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‘Basket Full of Heads #1’ (review)

Written by Joe Hill
Art by Leomacs
Published by DC Comics

 

Joe Hill – the mastermind behind the critically acclaimed Locke & Key series presents the first comic book of his Hill House Comics imprint in style.

The book opens with a slender figure in a raincoat holding a large basket covered by a bloodstained American flag.

The story shifts to Labor Day weekend in 1983, where we meet the main protagonist, a young woman named June Branch. She’s hanging out on the bridge of a small tourist town of Brody Island, Maine, where the mood gets turned upside down.

We spend some time getting to know June and her boyfriend. They genuinely care for each other and try to balance work, school, and finances.

An empty van with the words “Shawshank Prison” in bold black lettering brings about an instant shift in tone. The trials and tribulations of small-town life turn to horror as news breaks that four convicts have escaped. Hill’s immersive narrative gets the reader well acquainted with the characters and setting. Some of the characters are good people while others, well, not so much, Then, there are those who the jury is still out on. The latter made things interesting due to the horror element at play.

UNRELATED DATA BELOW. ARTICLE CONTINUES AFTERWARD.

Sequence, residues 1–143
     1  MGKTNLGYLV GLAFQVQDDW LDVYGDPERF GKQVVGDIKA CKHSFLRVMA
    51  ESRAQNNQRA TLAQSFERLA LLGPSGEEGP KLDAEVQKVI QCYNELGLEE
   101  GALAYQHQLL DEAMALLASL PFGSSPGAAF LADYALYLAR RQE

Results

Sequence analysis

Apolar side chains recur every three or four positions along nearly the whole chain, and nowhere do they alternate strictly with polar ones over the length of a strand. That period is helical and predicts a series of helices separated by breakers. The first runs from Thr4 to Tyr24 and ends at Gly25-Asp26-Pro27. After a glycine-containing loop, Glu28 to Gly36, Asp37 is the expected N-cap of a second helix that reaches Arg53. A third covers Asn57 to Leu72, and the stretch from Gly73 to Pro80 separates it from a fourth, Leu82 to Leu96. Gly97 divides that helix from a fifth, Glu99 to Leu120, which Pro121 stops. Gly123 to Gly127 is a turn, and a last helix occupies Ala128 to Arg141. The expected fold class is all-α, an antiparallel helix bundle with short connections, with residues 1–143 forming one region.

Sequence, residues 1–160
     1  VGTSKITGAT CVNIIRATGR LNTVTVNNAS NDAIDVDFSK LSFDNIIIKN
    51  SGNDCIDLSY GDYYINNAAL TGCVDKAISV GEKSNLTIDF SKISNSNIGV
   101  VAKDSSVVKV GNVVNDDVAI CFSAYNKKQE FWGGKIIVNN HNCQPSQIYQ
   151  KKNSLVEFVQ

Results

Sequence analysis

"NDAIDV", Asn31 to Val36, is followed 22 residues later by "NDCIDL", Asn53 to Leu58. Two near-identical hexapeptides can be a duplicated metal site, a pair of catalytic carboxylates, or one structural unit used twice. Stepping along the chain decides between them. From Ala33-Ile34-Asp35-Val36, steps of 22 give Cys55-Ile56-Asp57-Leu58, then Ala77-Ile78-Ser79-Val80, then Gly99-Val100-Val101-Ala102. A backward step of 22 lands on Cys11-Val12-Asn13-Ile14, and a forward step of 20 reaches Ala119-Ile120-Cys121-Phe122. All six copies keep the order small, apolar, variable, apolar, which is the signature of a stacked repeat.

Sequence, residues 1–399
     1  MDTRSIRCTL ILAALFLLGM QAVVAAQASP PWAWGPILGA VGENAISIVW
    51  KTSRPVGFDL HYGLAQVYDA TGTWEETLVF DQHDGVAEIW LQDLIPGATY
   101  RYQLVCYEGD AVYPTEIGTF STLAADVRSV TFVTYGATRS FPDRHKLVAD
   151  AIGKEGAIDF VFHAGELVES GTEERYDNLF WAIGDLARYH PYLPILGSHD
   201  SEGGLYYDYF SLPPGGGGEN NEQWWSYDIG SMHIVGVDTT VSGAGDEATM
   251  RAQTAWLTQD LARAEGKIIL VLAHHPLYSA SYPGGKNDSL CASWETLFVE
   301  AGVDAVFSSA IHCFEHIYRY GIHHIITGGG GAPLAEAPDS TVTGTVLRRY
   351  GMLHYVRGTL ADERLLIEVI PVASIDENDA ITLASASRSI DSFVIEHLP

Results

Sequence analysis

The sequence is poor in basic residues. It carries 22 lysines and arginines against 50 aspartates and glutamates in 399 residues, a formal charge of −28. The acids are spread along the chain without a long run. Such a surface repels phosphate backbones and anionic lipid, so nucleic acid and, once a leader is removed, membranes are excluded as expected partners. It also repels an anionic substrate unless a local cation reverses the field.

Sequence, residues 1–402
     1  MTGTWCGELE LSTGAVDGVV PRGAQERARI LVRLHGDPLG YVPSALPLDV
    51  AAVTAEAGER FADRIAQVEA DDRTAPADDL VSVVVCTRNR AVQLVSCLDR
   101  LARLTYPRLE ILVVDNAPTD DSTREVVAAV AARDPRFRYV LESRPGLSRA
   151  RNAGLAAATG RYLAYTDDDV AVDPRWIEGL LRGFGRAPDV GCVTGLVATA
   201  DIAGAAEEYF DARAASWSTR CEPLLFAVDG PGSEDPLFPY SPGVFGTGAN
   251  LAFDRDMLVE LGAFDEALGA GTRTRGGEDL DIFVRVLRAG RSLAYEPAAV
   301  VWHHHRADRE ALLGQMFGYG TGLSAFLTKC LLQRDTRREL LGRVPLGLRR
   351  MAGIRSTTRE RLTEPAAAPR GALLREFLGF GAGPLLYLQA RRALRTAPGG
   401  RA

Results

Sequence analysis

The 8th century Viking axe illustrated on the inside cover of the book loomed over the third act when June sees it for the first time.

Presumably, this weapon is the catalyst for the heads that will be collected in the titular basket. June seemed drawn to it, and that will either be a coincidence or something more because those are the types of breadcrumbs Hill tends to set up throughout his stories. Leomacs’ illustrations have a Sean Phillips vibe to them. The panels and depictions captured the subtle darkness quite nicely. I can’t wait to see his work in future installments where the horror factor is unleashed.

My only quip is that most of this issue sets up what we need to know going forward. It took longer than I would have liked to get going; however, those moments were still engaging.

Overall, Joe Hill’s new imprint is off to a good start.

Rating: B-

 

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